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Caruso Goes Bust in la: A Radical-Centrist Analysis
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LA Mayoral Vote

Source: LA Times
Source: LA Times

Karen Bass defeated Rick Caruso, by a margin of 53.1% to 46.9%, to become LA’s next mayor. Looking at the election results map, Bass’ strongholds were “gentrifying” Hipster areas like Highland Park and Echo Park, and historically Black neighborhoods, such as Crenshaw/Leimert Park.” The gentrifying areas for Bass, fits with my observation from the vote on the affirmative action measure, that gentrifiers are the most woke. Caruso’s electoral strengths were among the middle class in the San Fernando Valley and San Pedro, affluent areas, and certain working class Hispanic areas. For instance I recently noticed many Caruso for mayor signs in the Valley and Pacific Palisades. The more family oriented affluent areas and single family home areas, especially went for Caruso, while more dense and urban areas went for Bass. Obviously Caruso’s policies on education and public safety were more pro-family, and the left’s policies have increasingly made cities inhospitable for families.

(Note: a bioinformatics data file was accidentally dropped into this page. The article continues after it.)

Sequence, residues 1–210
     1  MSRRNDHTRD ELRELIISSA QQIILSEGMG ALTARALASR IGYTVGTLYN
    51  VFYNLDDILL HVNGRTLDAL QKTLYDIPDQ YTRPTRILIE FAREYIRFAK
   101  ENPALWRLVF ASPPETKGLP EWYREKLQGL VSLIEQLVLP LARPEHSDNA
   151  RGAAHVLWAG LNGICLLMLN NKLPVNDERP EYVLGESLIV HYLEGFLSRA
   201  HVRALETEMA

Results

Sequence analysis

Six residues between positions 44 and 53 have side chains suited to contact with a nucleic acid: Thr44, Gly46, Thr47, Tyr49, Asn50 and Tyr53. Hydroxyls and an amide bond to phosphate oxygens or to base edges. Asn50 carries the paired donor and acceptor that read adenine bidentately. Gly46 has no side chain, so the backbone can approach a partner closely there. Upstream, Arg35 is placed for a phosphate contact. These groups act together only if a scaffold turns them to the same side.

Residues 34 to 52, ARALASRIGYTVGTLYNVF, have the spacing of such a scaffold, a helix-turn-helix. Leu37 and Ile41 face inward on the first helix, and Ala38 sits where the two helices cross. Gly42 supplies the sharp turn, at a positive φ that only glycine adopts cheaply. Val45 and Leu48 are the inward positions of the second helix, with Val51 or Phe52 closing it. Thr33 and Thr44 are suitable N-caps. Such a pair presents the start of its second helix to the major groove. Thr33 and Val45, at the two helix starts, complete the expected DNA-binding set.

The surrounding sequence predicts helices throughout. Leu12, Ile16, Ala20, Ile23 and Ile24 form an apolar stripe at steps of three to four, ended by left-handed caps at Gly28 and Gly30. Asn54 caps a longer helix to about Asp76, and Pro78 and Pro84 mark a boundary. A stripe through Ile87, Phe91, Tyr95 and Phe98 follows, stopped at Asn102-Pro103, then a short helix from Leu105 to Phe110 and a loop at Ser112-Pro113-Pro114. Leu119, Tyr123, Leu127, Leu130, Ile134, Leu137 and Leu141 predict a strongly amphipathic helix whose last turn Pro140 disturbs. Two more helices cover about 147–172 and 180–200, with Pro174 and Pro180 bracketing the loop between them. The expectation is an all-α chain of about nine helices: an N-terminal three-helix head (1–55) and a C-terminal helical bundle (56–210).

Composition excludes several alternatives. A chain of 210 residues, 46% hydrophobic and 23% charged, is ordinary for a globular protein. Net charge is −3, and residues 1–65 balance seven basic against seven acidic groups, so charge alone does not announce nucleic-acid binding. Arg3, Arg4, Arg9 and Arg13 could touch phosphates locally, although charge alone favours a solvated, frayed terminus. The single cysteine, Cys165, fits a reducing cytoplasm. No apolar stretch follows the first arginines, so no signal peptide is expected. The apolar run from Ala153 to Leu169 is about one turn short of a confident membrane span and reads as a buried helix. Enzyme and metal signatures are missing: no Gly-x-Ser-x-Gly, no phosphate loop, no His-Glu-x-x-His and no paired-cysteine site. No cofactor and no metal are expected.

The outlier wealthy areas that voted for Bass were the Hollywood Hills and Venice. Also many areas with young professional apartment dwellers, went for Bass. Among Hispanic areas, it is notable that Caruso did well in Westlake and Pico-Union, which have many recent Central American immigrants, who tend to be poorer and staunchly Democrat, besides more middle class, suburban, Mexican Americans. Caruso also did relatively well in the northeast San Fernando Valley, which is also low income and heavily Hispanic. The mayoral primary vote roughly matched the general election, though Kevin DeLeon did well in both Latino and Hipster areas. Overall Whites and Asians favored Caruso, Latinos were close to split between Caruso and Bass, while Blacks overwhelming favored Bass.

Mayoral Primary Vote

Source: LA times
Source: LA times

As an LA native, I would have voted for Caruso as the obvious choice. Caruso is not necessarily dissident or anti-establishment, far from it, but is rather a pro-business neoliberal centrist type, who is likely not crazy about either Trump or Bernie Sanders’ movements. If elected, Caruso might have been comparable to Michael Bloomberg as New York City mayor. The strongest case for Caruso was that he could have slowed down LA’s decline and urban decay, by taking care of the basics.